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How to Turn Storytelling into a Science

Posted on  4 October 11  by 

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Enabling CommunicationI can teach you how to swim. It can be any stroke you want. You probably know some freestyle and you’ve heard butterfly is hard, right? Butterfly it is. You probably won’t be as good as Michael Phelps or win any gold medals but you can swim butterfly. Because I’ll tell you a secret; butterfly is easy. Sure, it’s probably the most tiring way to swim from one side of the pool to the other, but there isn’t anything mechanically difficult about it.

As with learning any new skill, it might sound impossibly daunting at first. But then I’ll show you how to kick like your legs are stuck together and use your arms to pull in tandem. We’ll put it together in a full-body rhythm that will probably feel like you’re trying to do the snake in Jell-O — except less graceful. And that will be it. A little practice, some gentle reminders to breathe when it’s most natural to the stroke and you’re done. You can swim butterfly.

Learning most things is a matter of willingness, aptitude, and finding a competent teacher. As we talk about the importance of Communicators as enablers, it’s clear that this coaching function is more of a ‘when’ than an ‘if’.

Breaking down a communications strategy to make it more accessible is the first step in teaching a new communications skill to noncommunicators. The soft skills — a.k.a. interpersonal skills — that communicators deal in can be intimidating because they aren’t often thought of as something that can be taught. More often than not, people have developed a static perception of their own soft skills and will get anxious if they think they are being pushed beyond their comfort zone. If Communicators are going to help them improve, the first step is to convince them that it’s easy.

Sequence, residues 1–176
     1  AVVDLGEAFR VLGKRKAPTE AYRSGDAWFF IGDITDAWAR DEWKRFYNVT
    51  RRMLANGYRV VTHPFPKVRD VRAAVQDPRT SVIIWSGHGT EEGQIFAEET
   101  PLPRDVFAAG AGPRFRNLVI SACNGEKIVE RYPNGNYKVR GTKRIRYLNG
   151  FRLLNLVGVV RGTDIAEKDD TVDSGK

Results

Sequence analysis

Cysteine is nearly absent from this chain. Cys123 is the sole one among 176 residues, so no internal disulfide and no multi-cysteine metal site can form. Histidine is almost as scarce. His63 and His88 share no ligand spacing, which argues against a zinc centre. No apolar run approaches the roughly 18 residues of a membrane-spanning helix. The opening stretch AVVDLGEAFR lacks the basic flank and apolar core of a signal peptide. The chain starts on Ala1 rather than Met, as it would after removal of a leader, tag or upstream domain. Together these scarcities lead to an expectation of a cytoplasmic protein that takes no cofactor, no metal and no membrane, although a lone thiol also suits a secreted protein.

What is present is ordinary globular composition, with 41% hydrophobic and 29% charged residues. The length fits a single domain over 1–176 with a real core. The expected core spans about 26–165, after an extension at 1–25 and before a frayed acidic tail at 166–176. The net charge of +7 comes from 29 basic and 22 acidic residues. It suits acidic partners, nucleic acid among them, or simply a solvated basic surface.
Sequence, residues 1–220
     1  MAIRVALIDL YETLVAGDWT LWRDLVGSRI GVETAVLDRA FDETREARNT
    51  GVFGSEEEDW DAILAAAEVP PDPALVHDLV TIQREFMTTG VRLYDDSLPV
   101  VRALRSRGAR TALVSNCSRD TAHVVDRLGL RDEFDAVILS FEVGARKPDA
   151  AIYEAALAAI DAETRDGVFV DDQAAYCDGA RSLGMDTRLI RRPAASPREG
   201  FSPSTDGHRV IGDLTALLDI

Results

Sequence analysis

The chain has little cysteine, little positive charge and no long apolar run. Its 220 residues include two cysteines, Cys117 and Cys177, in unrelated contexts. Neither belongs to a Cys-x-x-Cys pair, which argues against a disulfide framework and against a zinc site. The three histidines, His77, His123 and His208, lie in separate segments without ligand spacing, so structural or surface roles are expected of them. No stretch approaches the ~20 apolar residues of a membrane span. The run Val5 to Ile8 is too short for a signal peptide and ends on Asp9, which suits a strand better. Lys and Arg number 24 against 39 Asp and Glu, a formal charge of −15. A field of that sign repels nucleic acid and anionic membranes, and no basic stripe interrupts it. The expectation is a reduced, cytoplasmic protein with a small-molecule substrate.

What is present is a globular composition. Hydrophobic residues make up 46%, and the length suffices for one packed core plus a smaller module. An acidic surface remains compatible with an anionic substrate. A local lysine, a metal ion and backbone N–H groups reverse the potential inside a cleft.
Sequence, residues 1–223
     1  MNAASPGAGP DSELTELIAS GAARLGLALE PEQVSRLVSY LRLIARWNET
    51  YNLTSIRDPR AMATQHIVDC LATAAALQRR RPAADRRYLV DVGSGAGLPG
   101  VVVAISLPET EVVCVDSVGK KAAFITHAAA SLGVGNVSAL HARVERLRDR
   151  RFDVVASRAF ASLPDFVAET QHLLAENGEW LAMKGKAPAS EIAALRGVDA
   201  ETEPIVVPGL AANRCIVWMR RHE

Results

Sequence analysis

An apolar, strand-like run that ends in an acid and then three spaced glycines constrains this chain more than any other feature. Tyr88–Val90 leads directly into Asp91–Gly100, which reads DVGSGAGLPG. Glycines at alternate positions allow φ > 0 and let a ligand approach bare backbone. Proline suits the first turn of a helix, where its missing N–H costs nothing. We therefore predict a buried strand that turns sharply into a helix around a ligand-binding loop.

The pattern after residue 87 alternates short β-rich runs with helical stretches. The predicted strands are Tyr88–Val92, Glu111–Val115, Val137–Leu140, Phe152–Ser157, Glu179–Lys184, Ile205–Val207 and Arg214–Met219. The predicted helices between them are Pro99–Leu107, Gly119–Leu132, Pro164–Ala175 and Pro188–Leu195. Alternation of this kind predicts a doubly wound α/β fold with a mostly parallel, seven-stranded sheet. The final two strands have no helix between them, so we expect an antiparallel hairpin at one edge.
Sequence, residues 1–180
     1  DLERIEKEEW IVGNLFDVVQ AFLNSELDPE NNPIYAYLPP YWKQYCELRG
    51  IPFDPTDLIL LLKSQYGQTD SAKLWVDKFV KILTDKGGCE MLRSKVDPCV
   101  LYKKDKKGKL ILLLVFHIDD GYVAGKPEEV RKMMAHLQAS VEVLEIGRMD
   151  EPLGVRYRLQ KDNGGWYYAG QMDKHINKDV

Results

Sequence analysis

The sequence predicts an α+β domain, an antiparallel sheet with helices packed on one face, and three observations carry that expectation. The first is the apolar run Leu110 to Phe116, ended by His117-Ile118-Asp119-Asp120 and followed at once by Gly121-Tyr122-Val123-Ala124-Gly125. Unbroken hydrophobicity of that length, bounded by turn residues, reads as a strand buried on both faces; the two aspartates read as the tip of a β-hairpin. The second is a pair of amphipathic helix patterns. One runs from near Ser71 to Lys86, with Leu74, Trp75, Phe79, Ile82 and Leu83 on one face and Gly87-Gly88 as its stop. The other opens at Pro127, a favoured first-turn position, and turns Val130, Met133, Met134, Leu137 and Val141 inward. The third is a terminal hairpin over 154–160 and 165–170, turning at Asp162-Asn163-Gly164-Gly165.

Professional communicators can help demystify these skills by breaking them down into easily actionable components. Though basic guidelines may seem overly simple to the pros, they can overcome the greatest hurdle for many to unlocking their soft skills — the perception that they can’t improve.

Take a look at how Continental Airlines broke storytelling into four simple steps to train managers to use stories to emotionally engage with employees:

  1. Design a Story
  2. Tell the Story and Receive Feedback
  3. Tailor the Story for Specific Audiences
  4. Tailor the Story for Specific Objectives

The airline got such positive feedback and had such success with their first storytelling practice sessions that they rolled it out to all of their managers. For more information on helping managers overcome their fear of communicating and telling stories, CEC members can learn how to equip your managers with story telling skills.

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